Like Knowledge, Perform and Profession, Craft is actually a number of separate skills. You could have several Craft skills, each with its own ranks, each purchased as a separate skill. The Craft skills available in the ancient world are:

  • Blacksmith (makes armour, shields, tools, weapons and other metal items)
  • Brewer (makes beer)
  • Builder (makes buildings, monuments and carvings, typically of stone)
  • Carpenter (makes statues and carvings, typically of wood)
  • Embalmer (makes mummies from dead bodies)
  • Fletcher (makes arrows from wood or rushes)
  • Herbalist (brews herbal concoctions including poisons)
  • Jeweller (makes items from precious metal and gems)
  • Potter (makes items in clay)
  • Reed Presser (makes papyrus)
  • Shipwright (builds boats and ships)
  • Tanner (makes leather goods and parchment)
  • Vintner (makes wine)
  • Weaver (spins and weaves cloth and turns it into garments)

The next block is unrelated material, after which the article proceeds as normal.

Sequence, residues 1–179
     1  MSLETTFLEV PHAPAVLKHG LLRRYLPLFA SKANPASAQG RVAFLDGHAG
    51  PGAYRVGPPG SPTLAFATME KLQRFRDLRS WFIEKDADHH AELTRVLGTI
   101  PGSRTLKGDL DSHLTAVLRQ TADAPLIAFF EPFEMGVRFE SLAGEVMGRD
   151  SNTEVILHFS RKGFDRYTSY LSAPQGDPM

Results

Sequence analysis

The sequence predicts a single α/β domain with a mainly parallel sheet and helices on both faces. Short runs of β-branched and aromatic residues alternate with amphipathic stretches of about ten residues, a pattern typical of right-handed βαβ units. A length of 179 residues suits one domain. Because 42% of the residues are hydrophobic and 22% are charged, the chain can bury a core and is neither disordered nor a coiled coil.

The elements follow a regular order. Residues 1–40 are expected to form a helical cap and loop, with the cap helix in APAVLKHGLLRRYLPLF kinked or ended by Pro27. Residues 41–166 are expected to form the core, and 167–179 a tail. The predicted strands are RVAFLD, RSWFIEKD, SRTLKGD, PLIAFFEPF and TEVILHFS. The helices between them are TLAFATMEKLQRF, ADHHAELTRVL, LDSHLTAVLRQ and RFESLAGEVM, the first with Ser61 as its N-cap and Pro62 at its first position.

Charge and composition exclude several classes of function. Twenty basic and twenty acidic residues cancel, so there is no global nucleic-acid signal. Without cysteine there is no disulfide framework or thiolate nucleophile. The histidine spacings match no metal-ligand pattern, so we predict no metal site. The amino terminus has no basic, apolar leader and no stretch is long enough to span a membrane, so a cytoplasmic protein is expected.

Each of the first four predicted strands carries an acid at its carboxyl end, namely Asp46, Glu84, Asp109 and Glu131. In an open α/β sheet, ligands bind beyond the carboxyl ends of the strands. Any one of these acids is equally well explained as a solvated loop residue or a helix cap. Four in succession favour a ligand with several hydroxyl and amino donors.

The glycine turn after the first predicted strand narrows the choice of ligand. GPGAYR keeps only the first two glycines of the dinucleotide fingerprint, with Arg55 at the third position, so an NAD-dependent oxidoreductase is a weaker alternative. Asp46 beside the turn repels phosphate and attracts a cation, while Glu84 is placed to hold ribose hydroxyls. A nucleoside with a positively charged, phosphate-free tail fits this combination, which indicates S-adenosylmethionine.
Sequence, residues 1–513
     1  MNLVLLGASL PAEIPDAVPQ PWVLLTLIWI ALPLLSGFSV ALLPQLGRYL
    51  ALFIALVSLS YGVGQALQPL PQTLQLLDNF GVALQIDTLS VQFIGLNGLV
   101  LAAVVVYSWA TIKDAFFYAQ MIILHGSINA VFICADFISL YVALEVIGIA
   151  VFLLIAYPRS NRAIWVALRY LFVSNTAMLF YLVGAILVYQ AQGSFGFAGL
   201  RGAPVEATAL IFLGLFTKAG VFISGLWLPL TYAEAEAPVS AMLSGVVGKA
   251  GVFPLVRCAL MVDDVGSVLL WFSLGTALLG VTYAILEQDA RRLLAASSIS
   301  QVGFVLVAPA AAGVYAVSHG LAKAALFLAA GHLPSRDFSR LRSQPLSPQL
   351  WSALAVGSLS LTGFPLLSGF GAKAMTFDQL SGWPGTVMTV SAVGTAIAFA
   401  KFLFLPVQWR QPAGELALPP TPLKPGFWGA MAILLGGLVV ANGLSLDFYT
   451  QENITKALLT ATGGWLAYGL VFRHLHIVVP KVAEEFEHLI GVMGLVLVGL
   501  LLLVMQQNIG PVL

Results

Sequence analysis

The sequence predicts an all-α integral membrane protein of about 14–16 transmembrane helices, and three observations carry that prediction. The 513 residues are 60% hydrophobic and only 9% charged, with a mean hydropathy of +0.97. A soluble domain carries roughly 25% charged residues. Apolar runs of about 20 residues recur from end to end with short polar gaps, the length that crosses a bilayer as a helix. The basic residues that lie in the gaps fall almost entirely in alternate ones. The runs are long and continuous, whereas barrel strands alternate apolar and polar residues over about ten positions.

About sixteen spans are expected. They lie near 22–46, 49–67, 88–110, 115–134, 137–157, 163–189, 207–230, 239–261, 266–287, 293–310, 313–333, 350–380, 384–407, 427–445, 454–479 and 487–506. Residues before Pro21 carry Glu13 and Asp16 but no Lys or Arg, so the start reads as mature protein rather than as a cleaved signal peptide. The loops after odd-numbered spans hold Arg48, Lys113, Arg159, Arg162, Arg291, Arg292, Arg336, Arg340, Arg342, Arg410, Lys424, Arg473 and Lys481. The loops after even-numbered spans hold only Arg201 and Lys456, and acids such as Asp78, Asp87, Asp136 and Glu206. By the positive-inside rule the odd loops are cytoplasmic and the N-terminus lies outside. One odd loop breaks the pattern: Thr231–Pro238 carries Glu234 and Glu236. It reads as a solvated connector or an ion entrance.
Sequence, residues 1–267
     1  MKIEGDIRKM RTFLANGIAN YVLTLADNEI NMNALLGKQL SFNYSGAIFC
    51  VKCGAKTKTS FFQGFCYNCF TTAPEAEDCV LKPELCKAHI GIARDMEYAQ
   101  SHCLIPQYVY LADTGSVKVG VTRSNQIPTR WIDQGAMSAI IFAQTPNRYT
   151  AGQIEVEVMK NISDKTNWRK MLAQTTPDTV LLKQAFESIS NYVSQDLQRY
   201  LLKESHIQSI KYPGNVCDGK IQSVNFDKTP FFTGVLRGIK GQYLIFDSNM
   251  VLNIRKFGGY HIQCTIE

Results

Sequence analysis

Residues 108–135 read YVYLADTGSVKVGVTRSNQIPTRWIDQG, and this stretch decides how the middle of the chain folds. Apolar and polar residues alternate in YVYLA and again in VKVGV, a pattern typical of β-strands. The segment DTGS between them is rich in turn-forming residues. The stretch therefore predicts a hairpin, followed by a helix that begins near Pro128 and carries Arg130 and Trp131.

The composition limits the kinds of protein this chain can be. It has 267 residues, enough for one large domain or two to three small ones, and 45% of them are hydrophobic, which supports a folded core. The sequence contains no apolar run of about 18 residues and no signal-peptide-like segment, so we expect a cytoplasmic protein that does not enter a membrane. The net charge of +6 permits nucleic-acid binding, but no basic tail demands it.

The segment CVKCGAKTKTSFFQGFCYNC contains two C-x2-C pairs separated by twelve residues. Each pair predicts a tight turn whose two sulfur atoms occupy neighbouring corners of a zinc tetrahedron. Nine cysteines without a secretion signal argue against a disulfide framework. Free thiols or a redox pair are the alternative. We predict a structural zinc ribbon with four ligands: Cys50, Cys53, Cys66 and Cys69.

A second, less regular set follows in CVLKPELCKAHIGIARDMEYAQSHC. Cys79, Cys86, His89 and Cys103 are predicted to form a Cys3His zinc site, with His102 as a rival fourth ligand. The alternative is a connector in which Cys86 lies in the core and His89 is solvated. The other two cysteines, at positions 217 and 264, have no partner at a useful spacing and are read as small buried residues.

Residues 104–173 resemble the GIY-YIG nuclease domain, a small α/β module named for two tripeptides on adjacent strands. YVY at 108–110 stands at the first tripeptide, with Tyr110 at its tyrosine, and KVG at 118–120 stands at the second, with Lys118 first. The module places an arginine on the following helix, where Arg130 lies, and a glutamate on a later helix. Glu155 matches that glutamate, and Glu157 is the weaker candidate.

• Wheelwright (makes wheeled vehicles such as chariots)
  • Woodworker (makes wooden items and weapons such as bows)

A Craft skill is specifically focused on creating something. If nothing is created by the endeavor, it probably falls under the heading of a Profession skill.

  • Check:
    You can practice your trade and make a decent living, keeping yourself alive and healthy. You know how to use the tools of your trade, perform the craft’s daily tasks, supervise untrained helpers and handle common problems relating to it. Those who depend on their craft for a living are seen as lower-class citizens in the ancient world, especially potters and reed pressers. Those with noble blood may learn a craft but are expected to make their way in the world by other means. Only artificers are seen as an exception to this rule, because of the ingenuity of their work. The basic function of the Craft skill, however, is to allow you to make an item of the appropriate type. The DC depends on the complexity of the item to be created. The DC, your check results and the base value of the item determine how long it takes to make a particular item. The item’s base value also determines the cost of raw materials required to manufacture such items. All crafts require artisan’s tools to give the best chance of success. If improvised tools are used, the check is at a –2 penalty. On the other hand, masterwork artisan’s tools provide a +2 equipment bonus on the check. To determine how much time and money it takes to make an item, follow these steps;